died, just as Jesus continues to live within us, even though he has died.
    We live our lives in memory of Jesus and the saints, and this memory is a real presence.
    Jesus and his saints are part of our most intimate and spiritual knowledge of God.
    They inspire us, guide us, encourage us, and give us hope. They are the source
    of our constant transformation. Yes, we carry them in our bodies and thus keep
    them alive for all with whom we live and work."


  3. Hi Fr Luke

    I would love to join you Father in this path. Until March this year, I was in preparation of being wowed daily by our Loving God, rather desperately....

    Then, I realized in very tangible circumstances, He has other plans for me.....another great gift of His coming my way ;p To be honest, I was devastated initially because this means I will have to wait longer for that day to come. However, I've come to accept what He asks of me and in obedience and humility, I shall finish the work He wants me to complete.

    So, meanwhile, I'll have to stretch my neck out long to await, only He knows how long more, for me to be wowed into His Kingdom.

    Thank you Father for the regular blog on this topic. Actually, it's my favourite topic too.

    God Bless
    Nicole, CTK

  4. Dear Fr Luke

    Death is such a morbid topic. Words associated with it are 'pantang', taboo and suay. And actually, while life is bad, death might be worse. The problem with death is that it is stll a one way ticket, and in Hamlet's words, the 'undiscover'd country from which no traveller returns'. I guess although I try to live with integrity and be good, I am no saint and thus am seriously worried about the fires of hell, where 'wowed' is going to be roughly going to be reversed into an encounter with 'demons'.

    Well, 'to be or not be, that is the question' isn't it? There is reason, but the concept of a Holy City with wonders all so long ago foretold lies in the realm of faith. However, I guess while we are in the land of the living, we should be true to ourselves and to the faith that gives us hope that someday, somewhere, we will be called to that eternal meal where God and Man at Table are Sat Down.


  5. Reminds me what Steve Jobs said before he passed on - "Wow."

  6. Fr. Barron's line couldn't be more appropriate: the best way to prepare ourselves for life in the world to come is to is to cultivate our capacity for surprise.

  7. Is it wrong to be curious about the reality of the after-death? Given that death occurs as a moment, a turning point.

    It was about 3 days after my mum was cremated... I experienced her concretely with me. I didn't see her face again, but her body was right next to me - illuminated in the same way that the movie "afterwards" depicts. She beckoned me to lie on her lap for a while...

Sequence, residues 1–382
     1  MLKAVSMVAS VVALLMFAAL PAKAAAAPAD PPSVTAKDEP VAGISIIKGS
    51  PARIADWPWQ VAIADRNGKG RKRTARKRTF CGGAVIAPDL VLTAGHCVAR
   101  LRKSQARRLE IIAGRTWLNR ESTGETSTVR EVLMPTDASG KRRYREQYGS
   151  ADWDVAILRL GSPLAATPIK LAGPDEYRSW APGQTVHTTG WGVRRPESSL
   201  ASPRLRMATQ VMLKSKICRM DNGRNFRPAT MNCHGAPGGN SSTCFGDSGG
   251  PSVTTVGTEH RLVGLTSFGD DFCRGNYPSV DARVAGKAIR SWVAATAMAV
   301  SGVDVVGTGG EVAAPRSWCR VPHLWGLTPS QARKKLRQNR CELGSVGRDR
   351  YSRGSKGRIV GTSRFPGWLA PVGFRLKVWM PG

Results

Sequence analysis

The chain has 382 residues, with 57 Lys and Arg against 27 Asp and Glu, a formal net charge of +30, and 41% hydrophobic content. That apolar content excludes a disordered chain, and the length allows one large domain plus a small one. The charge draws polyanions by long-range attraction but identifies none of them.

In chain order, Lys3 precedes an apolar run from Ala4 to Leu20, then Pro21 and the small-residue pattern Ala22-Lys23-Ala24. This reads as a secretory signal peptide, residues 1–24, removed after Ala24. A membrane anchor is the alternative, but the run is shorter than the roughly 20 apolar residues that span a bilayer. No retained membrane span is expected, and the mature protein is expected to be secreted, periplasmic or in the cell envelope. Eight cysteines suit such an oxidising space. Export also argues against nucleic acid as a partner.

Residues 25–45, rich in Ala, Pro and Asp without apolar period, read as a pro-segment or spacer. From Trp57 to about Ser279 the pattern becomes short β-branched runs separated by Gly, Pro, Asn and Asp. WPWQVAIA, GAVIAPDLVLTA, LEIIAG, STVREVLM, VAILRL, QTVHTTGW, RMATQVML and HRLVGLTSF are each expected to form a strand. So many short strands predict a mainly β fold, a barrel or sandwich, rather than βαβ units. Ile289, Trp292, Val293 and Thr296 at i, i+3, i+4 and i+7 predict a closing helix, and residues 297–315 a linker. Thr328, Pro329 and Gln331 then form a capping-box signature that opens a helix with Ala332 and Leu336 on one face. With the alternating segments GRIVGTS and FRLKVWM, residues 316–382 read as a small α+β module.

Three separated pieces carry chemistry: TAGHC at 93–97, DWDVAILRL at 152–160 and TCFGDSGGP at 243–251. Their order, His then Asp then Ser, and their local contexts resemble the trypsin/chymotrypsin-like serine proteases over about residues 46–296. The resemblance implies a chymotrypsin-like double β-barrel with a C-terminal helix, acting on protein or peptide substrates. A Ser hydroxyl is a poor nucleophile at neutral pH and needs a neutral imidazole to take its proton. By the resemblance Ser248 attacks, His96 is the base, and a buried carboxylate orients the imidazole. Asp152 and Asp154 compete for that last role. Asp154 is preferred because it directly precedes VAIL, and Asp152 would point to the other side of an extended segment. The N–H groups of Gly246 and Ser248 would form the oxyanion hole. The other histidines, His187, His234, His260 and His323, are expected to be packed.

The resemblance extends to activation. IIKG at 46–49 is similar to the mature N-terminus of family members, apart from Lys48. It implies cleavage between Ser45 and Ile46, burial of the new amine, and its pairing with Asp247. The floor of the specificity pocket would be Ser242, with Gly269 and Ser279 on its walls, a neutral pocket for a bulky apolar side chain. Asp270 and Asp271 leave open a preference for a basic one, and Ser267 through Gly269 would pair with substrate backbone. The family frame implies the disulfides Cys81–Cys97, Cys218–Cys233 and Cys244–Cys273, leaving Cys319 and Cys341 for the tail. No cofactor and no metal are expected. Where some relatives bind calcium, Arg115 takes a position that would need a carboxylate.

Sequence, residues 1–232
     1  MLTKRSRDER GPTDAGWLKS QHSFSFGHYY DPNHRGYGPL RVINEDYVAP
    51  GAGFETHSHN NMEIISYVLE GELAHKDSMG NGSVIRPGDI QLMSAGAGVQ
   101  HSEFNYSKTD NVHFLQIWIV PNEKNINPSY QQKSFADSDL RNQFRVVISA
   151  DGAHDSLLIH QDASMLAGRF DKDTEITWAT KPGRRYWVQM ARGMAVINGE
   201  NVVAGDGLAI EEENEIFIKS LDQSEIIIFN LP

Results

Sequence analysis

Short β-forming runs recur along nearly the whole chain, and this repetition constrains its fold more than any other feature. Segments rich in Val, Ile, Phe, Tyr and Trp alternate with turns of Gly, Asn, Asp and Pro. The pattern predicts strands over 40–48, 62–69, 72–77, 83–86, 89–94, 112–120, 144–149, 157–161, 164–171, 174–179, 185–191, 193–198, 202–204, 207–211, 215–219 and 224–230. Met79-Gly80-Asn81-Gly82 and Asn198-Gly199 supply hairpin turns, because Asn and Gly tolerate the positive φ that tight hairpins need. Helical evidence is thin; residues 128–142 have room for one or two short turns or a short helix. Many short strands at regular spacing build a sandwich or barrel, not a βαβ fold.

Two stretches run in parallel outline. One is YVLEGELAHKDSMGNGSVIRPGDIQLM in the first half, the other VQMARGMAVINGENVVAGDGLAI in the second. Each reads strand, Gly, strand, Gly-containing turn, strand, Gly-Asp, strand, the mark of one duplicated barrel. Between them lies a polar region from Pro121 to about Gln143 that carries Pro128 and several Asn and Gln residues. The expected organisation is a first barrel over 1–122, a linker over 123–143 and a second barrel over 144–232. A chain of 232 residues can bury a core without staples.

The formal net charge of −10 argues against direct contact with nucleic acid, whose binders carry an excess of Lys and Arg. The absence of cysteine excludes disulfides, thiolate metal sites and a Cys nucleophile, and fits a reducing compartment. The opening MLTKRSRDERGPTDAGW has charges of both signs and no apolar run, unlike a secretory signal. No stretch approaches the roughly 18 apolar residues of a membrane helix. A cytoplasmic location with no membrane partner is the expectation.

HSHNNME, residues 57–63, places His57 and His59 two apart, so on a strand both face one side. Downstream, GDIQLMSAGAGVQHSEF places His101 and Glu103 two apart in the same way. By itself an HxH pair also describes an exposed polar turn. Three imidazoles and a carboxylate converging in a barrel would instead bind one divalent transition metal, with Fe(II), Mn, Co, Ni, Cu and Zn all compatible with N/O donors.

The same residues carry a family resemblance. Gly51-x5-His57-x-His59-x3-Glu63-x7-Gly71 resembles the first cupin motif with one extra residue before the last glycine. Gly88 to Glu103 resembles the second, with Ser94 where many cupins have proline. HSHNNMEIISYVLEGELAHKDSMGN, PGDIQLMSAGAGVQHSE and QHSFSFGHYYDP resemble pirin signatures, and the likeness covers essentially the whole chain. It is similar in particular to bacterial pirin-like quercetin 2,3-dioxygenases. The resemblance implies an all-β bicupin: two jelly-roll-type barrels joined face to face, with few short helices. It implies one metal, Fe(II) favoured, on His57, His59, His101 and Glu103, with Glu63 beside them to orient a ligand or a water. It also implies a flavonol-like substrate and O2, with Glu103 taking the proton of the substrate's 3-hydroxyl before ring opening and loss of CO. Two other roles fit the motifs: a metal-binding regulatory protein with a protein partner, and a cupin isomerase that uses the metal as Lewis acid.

In fact I was wowed after her death. But I do miss her dearly.

  8. If I am a saint, could I let my spirit lingers around all the churches and chapels?
    If I am a saint, could I whisper gentle loving and consoling words to the heartbroken?
    If I am a saint, could I lovingly embrace the unloved?
    If I am a saint, could I blow away all tears that filled with pain, anguish and hurt?
    If only I am a saint,
    If only when I died,
    If only I could enter the Kingdom of Heaven.

    Bless U, Father Luke for a saintly heart!
    Kelly :)

  9. Dear Fr Luke,

    Enjoyed your blog as usual. Intrigued.

    Read "The Four Last Things" by Fr Martin von Cochem a few times. It is not to attain heaven alone but to love because the ever-loving God has loved us...

    In "the Dance of life", Nouwen concluded that he used to ponder on eternal life as "life after death"; a false preoccupation...a distraction. As the clear goal of a Christian is eternal life and that is life in and with God. It is the active presence of God at the center of my living - the movement of God's Spirit within us - that gives us eternal life...

    At today's homily, we were told of the 7 works of mercy that a Christian must inculcate in their daily living before the sheep gets separated from the goats...It is only through Mother Mary's eyes and with God's immense love is all these possible.

    Father, we look for guidance for the WOW in life..Thank you for your sharing, Mat.

  10. Hi Fr thanks for sharing.

    I remembered when i was studying theolgoy,
    the joke which went around was that when talkative theology students (the kind who can spend literally hours talking about the Heaven and life with the Blessed Trinity for instance) pass on to the life to come, there would be two doors waiting them. One would be labeled “God”. The other would be labeled “seminar about God”. Guess which one would the theology student chose?

    Personally I began to panic as I realized that I might choose the second door.... =)

  11. Nick, I don't particularly enjoy theologumenon, so I think it would be a no-brainer about which door I'd choose. You an go into the second door by all means. I'd rather meet the one I have been praying to, loving and literally, been dying to meet all my life. :-)